Els and co must roll up their sleeves at US Open

The Star Early Edition - - SPORT - GRANT WIN­TER

THIS be­ing a US Open week I’ve done what I usu­ally do and that is, just for in­ter­est, look up in my US Open Al­manac who won Amer­ica’s fa­bled championship 100 years ago.

This took me back to 1917 but there wasn’t a US Open that year be­cause of the Great War. The tour­na­ment re­turned in 1919 at Brae Burn CC in Mas­sachusetts. At the end of 72 holes of reg­u­la­tion play that larger than life, mag­nif­i­cent show­man, no­to­ri­ous party an­i­mal and su­perb golfer that was Wal­ter Ha­gen and lit­tle-known Mike Brady were tied at the top on 301.

That called for an 18-hole play-off and leg­end has it that af­ter the fi­nal round of reg­u­la­tion play ‘The Haig’ at­tended a party thrown by Al John­son and stayed out all night. Next morn­ing, af­ter a quick shower, Ha­gen ar­rived at the course for the play-off.

Brady parred the first hole to go one up but on the sec­ond tee the fol­low­ing ex­change took place:

“Mike, if I were you I’d roll down my sleeves,” said Ha­gan. “Why?” Brady en­quired. “So all the gallery won’t see your mus­cles quiv­er­ing,” replied Ha­gen.

Brady, in­tim­i­dated by the great man, hooked his drive which led to a six and Ha­gen went on to win.

Ha­gen saw the world as his oys­ter, stay­ing in the best ho­tel suites, dress­ing grandly, of­ten ar­riv­ing at the course in a chauf­feur-driven limou­sine and he was apt to give his first place cheque to his cad­die.

In a fab­u­lous and colour­ful 30-year ca­reer he won 11 Ma­jors, 60 tour­na­ments and played in 1500 ex­hi­bi­tion matches around the world, in­clud­ing in South Africa.

In ex­plain­ing his all-night party bouts be­fore a tour­na­ment round and pitch­ing up at the first tee still in his tuxedo, Ha­gen said: “The rest of the field might have been in bed, but they most as­suredly were sim­ply toss­ing and turn­ing and not sleep­ing. I felt it more rest­ful to stay up rather than to toss and turn.”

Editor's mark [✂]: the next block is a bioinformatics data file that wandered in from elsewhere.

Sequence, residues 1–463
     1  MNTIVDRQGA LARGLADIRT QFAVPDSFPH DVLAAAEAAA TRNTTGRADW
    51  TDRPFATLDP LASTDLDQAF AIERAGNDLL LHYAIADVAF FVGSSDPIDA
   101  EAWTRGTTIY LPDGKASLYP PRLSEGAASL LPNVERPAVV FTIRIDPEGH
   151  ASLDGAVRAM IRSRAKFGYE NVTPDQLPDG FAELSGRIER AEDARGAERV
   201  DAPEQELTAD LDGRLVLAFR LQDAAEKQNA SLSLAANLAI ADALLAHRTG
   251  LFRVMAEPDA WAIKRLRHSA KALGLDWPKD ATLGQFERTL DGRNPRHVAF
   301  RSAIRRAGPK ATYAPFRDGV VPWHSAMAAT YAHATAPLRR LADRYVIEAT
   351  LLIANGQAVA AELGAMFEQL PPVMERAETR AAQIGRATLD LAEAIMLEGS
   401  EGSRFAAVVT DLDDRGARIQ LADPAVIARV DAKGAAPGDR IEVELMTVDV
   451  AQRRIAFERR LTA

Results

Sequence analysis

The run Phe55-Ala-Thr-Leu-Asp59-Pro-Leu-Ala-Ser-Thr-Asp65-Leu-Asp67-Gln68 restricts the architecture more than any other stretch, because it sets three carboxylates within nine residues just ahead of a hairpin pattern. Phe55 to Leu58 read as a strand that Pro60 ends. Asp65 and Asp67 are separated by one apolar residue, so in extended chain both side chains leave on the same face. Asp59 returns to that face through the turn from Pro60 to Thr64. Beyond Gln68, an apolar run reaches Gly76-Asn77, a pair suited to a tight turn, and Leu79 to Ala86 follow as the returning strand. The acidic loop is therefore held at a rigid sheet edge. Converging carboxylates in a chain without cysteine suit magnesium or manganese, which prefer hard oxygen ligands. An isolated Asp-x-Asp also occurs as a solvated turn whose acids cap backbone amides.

This flam­boy­ant Amer­i­can is part of the game’s rich his­tory and, hope­fully, one of eight South Africans in the US Open be­gin­ning at Erin Hills in Wis­con­sin to­mor­row will add to that his­tory with a fa­mous vic­tory.

Close to 10 000 golfers tried to qual­ify for the US Open. So to have eight play­ers – Els, Schwartzel, Oosthuizen, Grace, Thomas Aiken, Ge­orge Coet­zee, Oliver Bekker and young Bran­don Stone - in the fi­nal 156-man line-up is just a re­minder that we’re not a bad golf­ing na­tion. Schwartzel is in fine form af­ter fin­ish­ing tied sec­ond be­hind Daniel Berger in the PGA tour’s FedEx St Jude Clas­sic on Sun­day, while you can never dis­count Grace and Oosthuizen (he seems re­laxed and I like his chances) as con­tenders this week. Two-time US Open cham­pion Els is not the force he once was, but don’t be sur­prised to see some good golf from Stone who al­though still only 24 has won both the BMW South African Open and Al­fred Dun­hill Championship on the Euro­pean Tour.

Well done to our own Dy­lan Frit­telli, like Stone a for­mer SA am­a­teur No 1, for reg­is­ter­ing his maiden Euro­pean Tour win in the Ly­oness Open in Aus­tria on Sun­day, with com­pa­triot Jbe Kruger joint run­ner-up. Frit­telli played col­lege golf for the Univer­sity of Texas where he won the de­ci­sive match to lead his team to vic­tory at the 2012 NCAA Cham­pi­onships and he’s shown steady im­prove­ment as a pro­fes­sional in the past four or five years.

Fi­nally, just a word on the late, great Vin­cent Tsha­bal­ala who passed away ear­lier this month aged 75. He won nine times as a pro­fes­sional in­clud­ing the French Open in 1972 at Le Tou­quet with a score of 272. The fol­low­ing year, at the same course, Seve Balles­teros took the honours on a re­turn 10 shots worse.

Tsha­bal­ala was an amaz­ing tal­ent and, had it not been for apartheid which cost him many op­por­tu­ni­ties on the fair­ways of the world, he surely would have won more. He al­ways had a smile and in pro-ams, as I dis­cov­ered, he was al­ways happy to help you with your dodgy swing.

Fine man, fine golfer.

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